The national conversation about whether K-12 schools should re-open next month or in September has principally focused on two items: the science about whether it’s safe to re-open and the internal struggle many parents have as they choose what’s best for their child(ren).
Missing in that conversation: What happens if a whole lot of teachers, regardless of how long they’ve served in that role, opt to walk away?
One survey (granted, only one) found that almost 1-in-5 teachers would quit if their school was to open in the fall, and that figure is in-in-4 teachers who are over 55.
The head of the American Federation of Teachers has suggested those men and women aren’t bluffing; and absent real safeguards, they’ll walk.
Let’s leave out of the discussion right now whether it’s safe for students to return to K-12 classrooms. All of us must consider what happens to the QUALITY of education if experienced teachers leave the profession. The “brain drain” would be apparent and the loss of “institutional knowledge” wouldn’t be easily replaced. You may chose to support those teachers who leave or you may think they’re simplistic fools, but know this: Your child’s learning might very well be negatively affected.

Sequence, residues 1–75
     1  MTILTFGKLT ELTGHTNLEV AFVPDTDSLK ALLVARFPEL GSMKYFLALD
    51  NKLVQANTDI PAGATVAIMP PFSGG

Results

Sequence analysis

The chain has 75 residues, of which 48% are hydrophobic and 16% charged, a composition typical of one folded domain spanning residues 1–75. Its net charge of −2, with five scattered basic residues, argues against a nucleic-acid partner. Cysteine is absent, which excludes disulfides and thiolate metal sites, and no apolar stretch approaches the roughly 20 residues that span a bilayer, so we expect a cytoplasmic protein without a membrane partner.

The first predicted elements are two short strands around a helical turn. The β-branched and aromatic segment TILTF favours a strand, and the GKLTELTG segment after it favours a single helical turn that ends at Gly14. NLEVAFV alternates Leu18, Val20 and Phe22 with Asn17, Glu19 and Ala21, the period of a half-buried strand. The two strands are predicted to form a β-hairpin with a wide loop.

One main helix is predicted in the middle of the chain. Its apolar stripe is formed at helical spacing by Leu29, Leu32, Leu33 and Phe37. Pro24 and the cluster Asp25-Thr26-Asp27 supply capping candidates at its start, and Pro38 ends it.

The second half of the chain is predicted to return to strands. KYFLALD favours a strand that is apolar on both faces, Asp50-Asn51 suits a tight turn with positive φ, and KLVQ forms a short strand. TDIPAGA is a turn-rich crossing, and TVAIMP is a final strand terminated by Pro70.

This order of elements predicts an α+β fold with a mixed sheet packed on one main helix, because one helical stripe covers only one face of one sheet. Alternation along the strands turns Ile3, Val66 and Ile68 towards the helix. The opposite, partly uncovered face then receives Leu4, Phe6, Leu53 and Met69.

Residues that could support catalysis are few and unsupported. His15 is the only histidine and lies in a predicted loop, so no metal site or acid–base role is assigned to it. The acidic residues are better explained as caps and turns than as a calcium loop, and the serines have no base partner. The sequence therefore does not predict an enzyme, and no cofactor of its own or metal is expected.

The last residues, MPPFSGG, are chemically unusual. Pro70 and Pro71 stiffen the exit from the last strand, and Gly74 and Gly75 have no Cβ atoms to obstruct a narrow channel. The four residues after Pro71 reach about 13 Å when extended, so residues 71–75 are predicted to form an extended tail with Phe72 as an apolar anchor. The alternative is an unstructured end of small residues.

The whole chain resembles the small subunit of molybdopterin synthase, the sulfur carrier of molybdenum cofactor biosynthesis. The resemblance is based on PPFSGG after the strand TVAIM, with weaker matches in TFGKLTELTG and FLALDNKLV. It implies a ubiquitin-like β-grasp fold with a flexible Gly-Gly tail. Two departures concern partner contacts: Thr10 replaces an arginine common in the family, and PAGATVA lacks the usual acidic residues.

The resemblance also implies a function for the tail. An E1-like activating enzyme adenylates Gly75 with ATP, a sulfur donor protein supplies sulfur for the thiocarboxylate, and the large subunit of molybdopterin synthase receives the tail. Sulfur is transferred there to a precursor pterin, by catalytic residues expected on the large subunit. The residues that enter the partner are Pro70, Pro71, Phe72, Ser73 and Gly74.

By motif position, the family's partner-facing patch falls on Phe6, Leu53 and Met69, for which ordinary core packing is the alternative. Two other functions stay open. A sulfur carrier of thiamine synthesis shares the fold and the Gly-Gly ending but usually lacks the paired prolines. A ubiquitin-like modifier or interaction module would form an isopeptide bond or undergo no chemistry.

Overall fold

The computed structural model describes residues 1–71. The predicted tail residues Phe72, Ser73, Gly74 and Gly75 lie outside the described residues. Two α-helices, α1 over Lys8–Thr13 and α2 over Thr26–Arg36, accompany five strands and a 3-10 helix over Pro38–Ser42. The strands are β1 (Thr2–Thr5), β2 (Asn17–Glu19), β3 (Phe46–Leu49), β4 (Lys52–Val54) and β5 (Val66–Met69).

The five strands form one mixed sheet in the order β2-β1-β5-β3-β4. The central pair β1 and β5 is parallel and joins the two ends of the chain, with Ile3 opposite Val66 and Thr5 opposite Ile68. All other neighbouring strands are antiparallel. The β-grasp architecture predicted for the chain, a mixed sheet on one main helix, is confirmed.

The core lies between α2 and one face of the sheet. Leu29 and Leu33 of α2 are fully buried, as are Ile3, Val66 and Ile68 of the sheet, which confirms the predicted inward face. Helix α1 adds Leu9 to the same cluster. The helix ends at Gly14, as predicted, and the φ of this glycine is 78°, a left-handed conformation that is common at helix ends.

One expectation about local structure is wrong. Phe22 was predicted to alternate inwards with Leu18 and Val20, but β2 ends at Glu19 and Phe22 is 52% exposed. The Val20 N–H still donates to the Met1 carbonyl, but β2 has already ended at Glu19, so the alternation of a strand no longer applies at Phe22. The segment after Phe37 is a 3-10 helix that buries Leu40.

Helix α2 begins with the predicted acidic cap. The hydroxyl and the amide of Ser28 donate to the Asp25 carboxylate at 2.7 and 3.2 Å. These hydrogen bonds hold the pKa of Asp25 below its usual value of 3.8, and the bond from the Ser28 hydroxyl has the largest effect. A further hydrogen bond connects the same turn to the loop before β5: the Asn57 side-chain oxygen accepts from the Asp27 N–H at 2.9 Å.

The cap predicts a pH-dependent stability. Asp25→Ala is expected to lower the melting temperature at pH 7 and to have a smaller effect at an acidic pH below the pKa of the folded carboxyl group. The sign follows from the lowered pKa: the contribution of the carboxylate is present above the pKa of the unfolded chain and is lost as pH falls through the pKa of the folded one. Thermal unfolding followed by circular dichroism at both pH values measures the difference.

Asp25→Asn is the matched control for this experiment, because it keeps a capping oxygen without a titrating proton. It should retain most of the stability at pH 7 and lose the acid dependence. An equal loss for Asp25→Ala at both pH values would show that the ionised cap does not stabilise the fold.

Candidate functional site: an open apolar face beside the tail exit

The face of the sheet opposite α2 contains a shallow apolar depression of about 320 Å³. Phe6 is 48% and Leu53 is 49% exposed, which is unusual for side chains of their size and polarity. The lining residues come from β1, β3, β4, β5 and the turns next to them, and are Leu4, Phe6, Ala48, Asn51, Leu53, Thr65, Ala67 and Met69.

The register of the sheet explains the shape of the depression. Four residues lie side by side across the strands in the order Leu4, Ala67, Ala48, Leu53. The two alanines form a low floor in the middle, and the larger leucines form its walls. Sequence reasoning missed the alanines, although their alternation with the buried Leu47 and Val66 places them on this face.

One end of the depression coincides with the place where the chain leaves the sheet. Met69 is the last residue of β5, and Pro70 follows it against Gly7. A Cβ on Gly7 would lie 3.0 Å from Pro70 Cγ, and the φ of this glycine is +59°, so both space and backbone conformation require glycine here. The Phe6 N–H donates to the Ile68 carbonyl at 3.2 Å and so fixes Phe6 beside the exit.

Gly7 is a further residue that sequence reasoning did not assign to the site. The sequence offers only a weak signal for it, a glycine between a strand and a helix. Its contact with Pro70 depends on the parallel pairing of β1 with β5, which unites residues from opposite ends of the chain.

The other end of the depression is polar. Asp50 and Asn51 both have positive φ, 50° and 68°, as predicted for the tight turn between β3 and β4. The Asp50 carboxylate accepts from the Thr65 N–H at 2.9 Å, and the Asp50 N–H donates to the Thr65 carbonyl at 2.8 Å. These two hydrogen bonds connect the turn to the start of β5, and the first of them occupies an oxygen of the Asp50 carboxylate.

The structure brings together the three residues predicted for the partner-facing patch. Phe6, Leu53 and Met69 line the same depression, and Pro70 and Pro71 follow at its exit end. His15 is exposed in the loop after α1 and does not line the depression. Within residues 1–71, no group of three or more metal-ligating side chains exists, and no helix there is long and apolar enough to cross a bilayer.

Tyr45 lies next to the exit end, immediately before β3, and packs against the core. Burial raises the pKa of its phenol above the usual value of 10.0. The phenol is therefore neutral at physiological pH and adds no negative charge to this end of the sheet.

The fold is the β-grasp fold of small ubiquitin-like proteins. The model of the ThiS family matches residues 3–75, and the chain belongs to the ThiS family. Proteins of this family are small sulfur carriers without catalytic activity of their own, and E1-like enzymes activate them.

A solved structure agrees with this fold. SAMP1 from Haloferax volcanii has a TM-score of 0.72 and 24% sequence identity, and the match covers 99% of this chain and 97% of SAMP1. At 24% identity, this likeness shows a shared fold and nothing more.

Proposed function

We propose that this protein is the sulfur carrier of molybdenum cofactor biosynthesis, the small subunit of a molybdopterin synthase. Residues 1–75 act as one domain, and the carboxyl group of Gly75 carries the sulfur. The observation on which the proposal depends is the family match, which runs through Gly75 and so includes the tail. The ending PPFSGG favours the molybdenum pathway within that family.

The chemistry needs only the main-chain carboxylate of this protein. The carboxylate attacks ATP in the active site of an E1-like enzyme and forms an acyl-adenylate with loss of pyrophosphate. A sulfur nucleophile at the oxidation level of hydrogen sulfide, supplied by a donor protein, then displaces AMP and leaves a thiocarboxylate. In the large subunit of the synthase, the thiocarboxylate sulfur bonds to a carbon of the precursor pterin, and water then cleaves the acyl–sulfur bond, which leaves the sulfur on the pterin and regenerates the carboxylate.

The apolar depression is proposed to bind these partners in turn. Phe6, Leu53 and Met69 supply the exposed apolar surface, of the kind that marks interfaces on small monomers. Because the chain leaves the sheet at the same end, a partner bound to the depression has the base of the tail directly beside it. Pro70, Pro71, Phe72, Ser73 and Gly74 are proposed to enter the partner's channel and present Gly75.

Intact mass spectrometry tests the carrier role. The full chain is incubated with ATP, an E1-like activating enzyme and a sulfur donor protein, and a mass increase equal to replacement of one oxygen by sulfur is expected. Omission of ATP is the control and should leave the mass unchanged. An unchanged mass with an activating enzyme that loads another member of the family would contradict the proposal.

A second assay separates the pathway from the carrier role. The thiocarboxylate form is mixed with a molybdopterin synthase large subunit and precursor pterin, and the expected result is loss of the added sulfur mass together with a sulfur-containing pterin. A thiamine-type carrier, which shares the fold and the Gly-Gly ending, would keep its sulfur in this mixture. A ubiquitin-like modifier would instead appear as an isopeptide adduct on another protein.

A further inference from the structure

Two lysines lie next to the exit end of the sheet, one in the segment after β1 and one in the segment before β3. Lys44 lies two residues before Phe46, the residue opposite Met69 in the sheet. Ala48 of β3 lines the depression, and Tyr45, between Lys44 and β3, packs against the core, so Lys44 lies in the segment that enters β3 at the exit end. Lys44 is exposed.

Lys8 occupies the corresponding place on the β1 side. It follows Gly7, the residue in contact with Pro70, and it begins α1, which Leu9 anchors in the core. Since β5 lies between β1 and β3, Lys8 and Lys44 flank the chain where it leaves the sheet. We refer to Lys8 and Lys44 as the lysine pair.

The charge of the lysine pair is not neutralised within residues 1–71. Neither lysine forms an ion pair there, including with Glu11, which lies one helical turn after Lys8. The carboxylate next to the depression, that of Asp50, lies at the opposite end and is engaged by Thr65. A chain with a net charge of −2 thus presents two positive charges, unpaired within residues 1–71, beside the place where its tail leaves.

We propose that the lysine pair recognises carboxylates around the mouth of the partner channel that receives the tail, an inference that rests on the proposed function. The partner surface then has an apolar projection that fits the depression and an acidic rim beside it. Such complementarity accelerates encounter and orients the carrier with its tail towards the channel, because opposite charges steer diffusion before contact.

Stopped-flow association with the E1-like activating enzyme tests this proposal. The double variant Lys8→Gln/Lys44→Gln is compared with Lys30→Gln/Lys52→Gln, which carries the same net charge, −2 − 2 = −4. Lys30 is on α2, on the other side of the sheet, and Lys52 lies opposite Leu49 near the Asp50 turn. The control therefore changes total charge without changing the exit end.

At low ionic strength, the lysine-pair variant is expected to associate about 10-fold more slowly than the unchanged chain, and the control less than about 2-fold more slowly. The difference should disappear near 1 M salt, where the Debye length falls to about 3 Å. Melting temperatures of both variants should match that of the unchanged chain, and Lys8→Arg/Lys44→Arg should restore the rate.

And, yes, I know there are college faculty — full-time and most especially part-time (almost none of whom have a benefits package from the universities where they teach) — facing the same decision if their institution is open.
The conversation about coronavirus should be about how many people might die or get sick or recover or infect others. And it also should be about livelihoods that could be destroyed because individuals believe they don’t have much of a say in what will happen over the next few weeks.